The Female Body and Biomedical Discourse in the Nineteenth-Century English Novel
Routledge – 2006 – 210 pages
Gendered Pathologies examines nineteenth-century literary representations of the pathologized female body in relation to biomedical discourses about gender and society in Victorian England. Analyzing novels by Charles Dickens, H. Rider Haggard, and Thomas Hardy alongside Foucault's notion of perverse sexualities and Herbert Spencer's model of the social organism, Archimedes argues that the pathologized female body displaces or resolves, on a narrative level, larger cultural anxieties about the health of the British as a species.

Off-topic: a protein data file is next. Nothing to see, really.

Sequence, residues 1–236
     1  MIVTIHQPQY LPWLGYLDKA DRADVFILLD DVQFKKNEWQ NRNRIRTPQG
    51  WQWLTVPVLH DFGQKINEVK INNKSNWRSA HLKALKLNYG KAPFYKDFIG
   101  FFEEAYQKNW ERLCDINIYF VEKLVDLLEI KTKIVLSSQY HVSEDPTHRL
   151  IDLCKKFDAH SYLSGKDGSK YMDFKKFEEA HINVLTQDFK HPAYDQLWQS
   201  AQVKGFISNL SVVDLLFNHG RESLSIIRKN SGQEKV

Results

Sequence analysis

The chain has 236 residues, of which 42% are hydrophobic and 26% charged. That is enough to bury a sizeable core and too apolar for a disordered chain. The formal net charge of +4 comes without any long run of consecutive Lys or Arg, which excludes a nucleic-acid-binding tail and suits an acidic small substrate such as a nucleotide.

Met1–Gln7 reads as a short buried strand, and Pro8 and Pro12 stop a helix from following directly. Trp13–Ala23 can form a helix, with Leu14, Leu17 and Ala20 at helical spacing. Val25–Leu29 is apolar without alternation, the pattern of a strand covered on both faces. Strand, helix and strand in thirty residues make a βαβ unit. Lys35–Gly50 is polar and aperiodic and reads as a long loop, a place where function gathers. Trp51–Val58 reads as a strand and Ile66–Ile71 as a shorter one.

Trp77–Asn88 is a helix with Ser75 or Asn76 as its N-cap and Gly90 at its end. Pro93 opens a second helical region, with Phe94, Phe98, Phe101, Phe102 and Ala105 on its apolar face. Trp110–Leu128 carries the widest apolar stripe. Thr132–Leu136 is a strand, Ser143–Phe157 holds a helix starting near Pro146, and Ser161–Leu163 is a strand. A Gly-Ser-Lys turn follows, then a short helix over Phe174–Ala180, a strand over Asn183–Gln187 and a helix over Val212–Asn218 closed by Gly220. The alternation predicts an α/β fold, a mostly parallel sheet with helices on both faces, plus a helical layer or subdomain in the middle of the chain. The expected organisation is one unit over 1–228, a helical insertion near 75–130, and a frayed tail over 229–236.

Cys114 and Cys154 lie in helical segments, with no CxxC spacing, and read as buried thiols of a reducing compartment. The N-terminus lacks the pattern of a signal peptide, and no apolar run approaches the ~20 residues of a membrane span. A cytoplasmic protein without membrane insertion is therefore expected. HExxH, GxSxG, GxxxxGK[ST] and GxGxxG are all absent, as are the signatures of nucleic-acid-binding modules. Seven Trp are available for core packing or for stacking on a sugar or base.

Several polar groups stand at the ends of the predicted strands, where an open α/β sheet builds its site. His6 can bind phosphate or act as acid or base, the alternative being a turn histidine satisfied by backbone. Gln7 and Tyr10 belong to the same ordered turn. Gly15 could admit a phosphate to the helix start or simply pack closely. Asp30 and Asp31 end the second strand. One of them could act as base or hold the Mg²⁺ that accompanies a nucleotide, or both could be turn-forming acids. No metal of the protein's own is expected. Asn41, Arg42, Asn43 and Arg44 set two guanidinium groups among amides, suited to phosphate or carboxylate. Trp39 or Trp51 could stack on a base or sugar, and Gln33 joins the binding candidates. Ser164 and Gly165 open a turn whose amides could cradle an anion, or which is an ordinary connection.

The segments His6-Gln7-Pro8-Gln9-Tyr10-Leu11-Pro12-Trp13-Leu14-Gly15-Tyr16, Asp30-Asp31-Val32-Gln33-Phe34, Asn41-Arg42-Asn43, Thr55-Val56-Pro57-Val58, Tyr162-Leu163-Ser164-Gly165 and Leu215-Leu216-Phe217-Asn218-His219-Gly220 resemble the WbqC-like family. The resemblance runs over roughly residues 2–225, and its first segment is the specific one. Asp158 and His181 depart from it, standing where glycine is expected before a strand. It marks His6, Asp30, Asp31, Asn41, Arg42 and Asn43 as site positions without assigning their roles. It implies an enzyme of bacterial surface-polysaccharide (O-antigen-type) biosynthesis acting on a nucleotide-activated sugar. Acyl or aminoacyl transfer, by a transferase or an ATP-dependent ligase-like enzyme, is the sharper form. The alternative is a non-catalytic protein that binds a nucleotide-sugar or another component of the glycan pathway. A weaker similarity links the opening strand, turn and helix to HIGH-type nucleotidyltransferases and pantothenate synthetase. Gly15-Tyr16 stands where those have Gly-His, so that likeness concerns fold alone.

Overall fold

INTRODUCTION "Derangements of the Uterus" and Other Mysteries
CHAPTER 1 Science, Gender, and the Nineteenth Century
CHAPTER 2 Towards a Discourse of Perversion: Female Deviance, Sibling Incest, and the Bourgeois Family in Dickens's Hard Times
CHAPTER 3 Women, Savages, and the Body of Africa: Rider Haggard's She as Biological Narrative
CHAPTER 4 "Shapes like our own selves hideously multiplied": Sue Bridehead, Reproduction, and the Disease of "Modern Civilization"
AFTERWORD Female Deviance in the Twenty-First Century: From Martha Stewart to Lynndie England
Sondra M. Archimedes is a lecturer at U.C. Santa Cruz.